Instagram is the same way. I have an account, and a few times a week I'll check in for a few minutes after the kids go to bed. I do it so that I can see what Meena is posting and try to be supportive (or more frequently to give her a hard time), and in the process I'll often get lost in a vortex of hoops- and sneaker-related content before pulling myself out of it and moving on to the newspaper apps and podcasts like APM Marketplace, PBS Newshour, or The Lowe Post.

As a result, I depend almost entirely on Meena, group chats with my boys, and traditional news outlets to stay up-to-speed on what's happening in the social media universe. It also means I'm always hella late to the game. That's pretty much exactly what happened with the inauguration situation. I had no idea that any of this ish was going on until way after it started. 

At some point during the ceremony, Meena tapped me and said something like "holy sh*t, your shoes are trending on Twitter." Having only a vague understanding of what that even meant, I opened my phone, and immediately realized that all hell had broken loose. I had an ungodly amount of DMs that just seemed to keep multiplying (my worst nightmare), and all of my group chats were on fire. I thought my phone was going to explode. I quickly scrolled through a thread with my boys from growing up, and after wading through the deep, burbling cesspool of sh*t they were giving me, I was finally able to get a decent sense of what was going on. 

It was a huge moment on Twitter, but it's hard to tell how much people on the ground that day would have paid attention to the sneakers. Were there any reactions from President Biden or Vice President Harris on your sneakers? Did Bernie Sanders ask you about them? Maisy Biden showed up in Jordans, she had to have noticed.
The first person to notice the shoes was Meena. I was careful not to put them on until we were about to walk out the door. We were running behind (as usual), and I thought that waiting until the last minute decreased the likelihood that she'd make me take them off and put on traditional dress shoes. I even had my comebacks carefully planned out: "But Maisy Biden wore the Pure Money 4s to the victory speech (legend for that). I'm sure it's OK." To my surprise (and delight) she just glanced at them and said something like, "I like your shoes. Can you take a picture of me and the girls?" and that was that.

Vice President Harris Family Jordans Inauguration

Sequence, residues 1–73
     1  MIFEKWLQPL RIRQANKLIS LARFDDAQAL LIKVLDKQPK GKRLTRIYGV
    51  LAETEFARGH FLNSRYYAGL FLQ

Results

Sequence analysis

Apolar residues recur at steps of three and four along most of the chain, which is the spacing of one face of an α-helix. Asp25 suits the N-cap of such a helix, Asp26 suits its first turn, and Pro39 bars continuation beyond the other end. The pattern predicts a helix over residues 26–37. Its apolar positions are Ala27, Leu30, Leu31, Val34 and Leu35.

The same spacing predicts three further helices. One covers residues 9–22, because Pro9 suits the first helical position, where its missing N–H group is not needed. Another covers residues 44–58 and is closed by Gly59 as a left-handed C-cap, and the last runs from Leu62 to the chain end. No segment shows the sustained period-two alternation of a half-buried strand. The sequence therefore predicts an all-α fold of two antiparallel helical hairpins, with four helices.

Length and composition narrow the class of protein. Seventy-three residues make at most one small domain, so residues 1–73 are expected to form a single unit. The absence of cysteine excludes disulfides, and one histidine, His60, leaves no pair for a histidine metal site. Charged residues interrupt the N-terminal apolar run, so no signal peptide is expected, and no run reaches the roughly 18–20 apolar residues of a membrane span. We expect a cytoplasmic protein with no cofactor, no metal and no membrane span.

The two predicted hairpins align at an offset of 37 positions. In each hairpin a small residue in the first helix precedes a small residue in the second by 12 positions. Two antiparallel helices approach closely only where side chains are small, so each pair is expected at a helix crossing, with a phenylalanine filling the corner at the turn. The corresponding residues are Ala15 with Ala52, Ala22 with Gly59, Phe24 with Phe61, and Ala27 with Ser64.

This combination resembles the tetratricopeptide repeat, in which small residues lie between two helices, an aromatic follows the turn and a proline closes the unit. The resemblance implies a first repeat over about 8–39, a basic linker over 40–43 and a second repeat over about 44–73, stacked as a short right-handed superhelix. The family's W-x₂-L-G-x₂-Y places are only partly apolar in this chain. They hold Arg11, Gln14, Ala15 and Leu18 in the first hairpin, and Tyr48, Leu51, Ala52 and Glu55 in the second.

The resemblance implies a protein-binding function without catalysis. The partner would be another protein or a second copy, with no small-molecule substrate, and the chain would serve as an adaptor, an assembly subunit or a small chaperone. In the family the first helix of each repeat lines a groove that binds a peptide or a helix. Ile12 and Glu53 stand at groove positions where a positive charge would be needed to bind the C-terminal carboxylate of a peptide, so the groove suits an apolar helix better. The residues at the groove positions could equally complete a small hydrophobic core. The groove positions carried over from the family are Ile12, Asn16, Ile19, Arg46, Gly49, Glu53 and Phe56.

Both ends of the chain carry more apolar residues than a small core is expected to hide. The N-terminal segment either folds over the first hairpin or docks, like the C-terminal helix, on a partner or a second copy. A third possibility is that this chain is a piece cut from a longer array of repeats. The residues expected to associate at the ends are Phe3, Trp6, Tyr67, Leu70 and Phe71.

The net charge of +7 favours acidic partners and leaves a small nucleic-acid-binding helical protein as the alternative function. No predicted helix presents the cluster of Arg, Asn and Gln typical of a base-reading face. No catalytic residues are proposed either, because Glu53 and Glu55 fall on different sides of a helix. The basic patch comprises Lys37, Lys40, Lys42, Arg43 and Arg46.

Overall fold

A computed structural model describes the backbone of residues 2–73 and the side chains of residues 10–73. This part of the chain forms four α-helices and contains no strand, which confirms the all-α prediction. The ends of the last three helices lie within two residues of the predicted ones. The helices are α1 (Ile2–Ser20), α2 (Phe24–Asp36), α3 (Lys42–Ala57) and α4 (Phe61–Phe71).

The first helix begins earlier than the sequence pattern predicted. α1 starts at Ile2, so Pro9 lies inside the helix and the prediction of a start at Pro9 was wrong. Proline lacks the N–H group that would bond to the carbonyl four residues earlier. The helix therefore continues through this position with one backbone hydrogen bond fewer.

The next people to notice the kicks were the two dudes working security in the holding room of our hotel. After getting patted down and metal detected, one of the dudes gave me props on them, and the other offered to set them up with their own security detail. On the way to the morning service a staff member made a comment about them and mentioned he'd recently gotten into the sneaker game, and just outside the church a few members of the national guard noticed the kicks and gave me a nod. That was pretty much what I'd expected. A knowing nod from a sneakerhead here or there, and not much else. After they went viral, that all changed, of course.

Where did you get the shoes? Even if you got them for retail, that's pretty much a whole stimulus check on your feet. Resale prices on them are around $7,000 right now.
They were actually a gift from my boy, Nate Sellyn. The full story behind my acquiring the shoes goes back to the 49ers' heartbreaking loss in Super Bowl LIV (I'm a lifelong 49ers fan), but that's for another day!

Is there any chance something like this can catapult you to influencer status? Has Jordan Brand reached out yet?
I'm certainly not an influencer, and I feel pretty uncomfortable in any instance where I'm the center of attention. I had a surprise birthday Zoom last month, and I just awkwardly stared at the screen, not sure of what to do or say. Meena is the real influencer in our family. She enjoys it, she is great at it, and she works tirelessly to do it well. I'm just a dad. My singular focus is raising my two daughters as best I can, and being a supportive partner to Meena and a good son, brother, and friend. After that it's trying to be a decent person, to model good behavior for my girls, and to help with causes where I think I can make a real impact. Right now, for example, it's helping to address needs in early childhood education at the local level.

What happens to the shoes now? Smithsonian? Sotheby's? Family heirloom? This is a piece of history.
No idea. Wiped them down and put them right back into the box. Maybe I'll pull them out again in about four years.